Adoption is the legal process that permanently transfers parental responsibility from a child’s biological parents to adoptive parents. Whether domestic or international, adoptive parents can be family members or non-family members in varying circumstances, but with one goal in mind: to extend their love to an infant, child or adolescent. in a crowded system, through no fault of their own.
Although many families and individuals aspire to have children and would like to be able to adopt, it is not an inexpensive process or decision. So, how much is it to adopt a child? We cover that and more, including the number of children in the foster care system, why adoption is so expensive, and resources to help lower the cost of adoption.
Because November is National Adoption Month, what better time to dive in and learn more about adoption costs, the different ways children can be placed in forever homes, and the various expenses that arise throughout. of the adoption process? Whether you are considering fostering or adopting a child, or want to support a friend or family member who is taking this step, this information will be helpful to deepen your understanding.
How many children are in the foster care system?
The number of adoptive children in America alone is estimated at a staggering level 107,918.
And if that number isn’t shocking enough, most children in the system average between seven and eight years old and will most likely spend at least three years of their lives in the foster care system before they are adopted or grow old. . Once you turn 18 and are of legal age, you may continue to receive government assistance, but you are no longer in the foster care system to be adopted.
There are four ways to place children in permanent homes:
- Reunification with biological parents
- Placed with relatives
My Adoption Experience
My mother was a single mother. The father wanted nothing to do with having a child and she was pressured to give up on me. There’s more to the circumstances as to why I ended up in foster care and then ultimately adopted, but I’m leaving it there for privacy reasons.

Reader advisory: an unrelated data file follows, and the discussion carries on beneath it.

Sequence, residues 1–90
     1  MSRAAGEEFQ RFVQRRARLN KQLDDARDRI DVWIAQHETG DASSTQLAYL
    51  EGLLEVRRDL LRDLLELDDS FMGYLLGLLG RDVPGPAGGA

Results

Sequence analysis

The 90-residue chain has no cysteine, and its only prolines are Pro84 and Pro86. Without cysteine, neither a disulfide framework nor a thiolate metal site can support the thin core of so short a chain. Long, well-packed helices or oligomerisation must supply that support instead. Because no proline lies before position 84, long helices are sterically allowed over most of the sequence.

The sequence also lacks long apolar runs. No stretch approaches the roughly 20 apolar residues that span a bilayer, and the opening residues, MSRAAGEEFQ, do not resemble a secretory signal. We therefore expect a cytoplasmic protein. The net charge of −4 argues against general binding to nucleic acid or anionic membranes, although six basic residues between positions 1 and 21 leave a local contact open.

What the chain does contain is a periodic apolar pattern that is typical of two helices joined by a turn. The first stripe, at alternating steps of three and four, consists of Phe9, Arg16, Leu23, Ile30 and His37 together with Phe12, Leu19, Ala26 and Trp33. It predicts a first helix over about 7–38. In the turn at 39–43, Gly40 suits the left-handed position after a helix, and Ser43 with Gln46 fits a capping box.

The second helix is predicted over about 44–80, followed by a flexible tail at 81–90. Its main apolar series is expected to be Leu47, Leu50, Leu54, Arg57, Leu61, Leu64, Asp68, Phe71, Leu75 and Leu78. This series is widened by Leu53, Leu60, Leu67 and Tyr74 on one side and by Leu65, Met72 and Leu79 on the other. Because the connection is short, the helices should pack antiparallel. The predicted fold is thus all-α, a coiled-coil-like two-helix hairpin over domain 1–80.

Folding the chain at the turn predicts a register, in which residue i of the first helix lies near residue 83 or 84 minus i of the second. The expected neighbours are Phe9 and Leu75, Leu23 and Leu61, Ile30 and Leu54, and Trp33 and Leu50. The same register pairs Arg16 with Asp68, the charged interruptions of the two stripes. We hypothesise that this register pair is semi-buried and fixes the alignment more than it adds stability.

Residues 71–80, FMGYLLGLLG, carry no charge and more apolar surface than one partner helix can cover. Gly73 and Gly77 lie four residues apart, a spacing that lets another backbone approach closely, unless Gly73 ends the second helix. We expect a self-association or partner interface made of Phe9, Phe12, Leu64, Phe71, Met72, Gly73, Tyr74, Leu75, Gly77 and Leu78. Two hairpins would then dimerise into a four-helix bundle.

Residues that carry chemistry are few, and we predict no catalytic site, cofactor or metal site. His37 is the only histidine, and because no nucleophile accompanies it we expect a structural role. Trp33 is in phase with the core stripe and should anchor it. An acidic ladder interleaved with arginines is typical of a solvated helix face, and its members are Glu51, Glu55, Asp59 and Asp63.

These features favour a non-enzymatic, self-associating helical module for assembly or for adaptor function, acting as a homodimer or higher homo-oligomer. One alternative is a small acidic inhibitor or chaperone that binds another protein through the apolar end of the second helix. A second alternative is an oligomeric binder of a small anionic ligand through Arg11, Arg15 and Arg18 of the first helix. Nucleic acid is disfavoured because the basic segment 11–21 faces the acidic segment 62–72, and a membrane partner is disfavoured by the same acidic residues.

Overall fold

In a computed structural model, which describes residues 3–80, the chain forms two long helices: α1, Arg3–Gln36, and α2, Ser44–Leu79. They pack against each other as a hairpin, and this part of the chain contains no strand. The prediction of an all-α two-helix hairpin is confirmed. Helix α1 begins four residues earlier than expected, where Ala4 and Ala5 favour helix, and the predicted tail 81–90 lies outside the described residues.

I spent nine months in foster care until some of the legalities were settled, then lived with my prospective adoptive family for another nine months, until my adoption was finalized.
This time, every year, I thank the universe for sending me a wonderful mom and dad, when my loved ones couldn’t take care of me. Although I have a wonderful relationship with my biological mother – which has lasted almost 15 years now – I wouldn’t change my situation for anything in the world. And that can be a tough pill for my birth mom to swallow, considering she feels guilty for putting me up for adoption. However, I wouldn’t be married to the love of my life, with two fantastic boys and living in our little house by the river in Michigan, if she hadn’t made such a difficult decision.
Related: 100 Heartwarming Adoption Quotes
Cost is a major barrier to adoption
Although my mother does not remember the cost of my adoption, it could not have been close to what adoptions cost today, because they did not have much at that time and they were able to adopt two children in five years.
That was 1978-79, and boy, things were different than they are today.
The laws, rules, regulations, fees and training to become adoptive families are driving the costs to an all time high. This deters some families from pursuing the adoption process.
How much does adopting a child cost?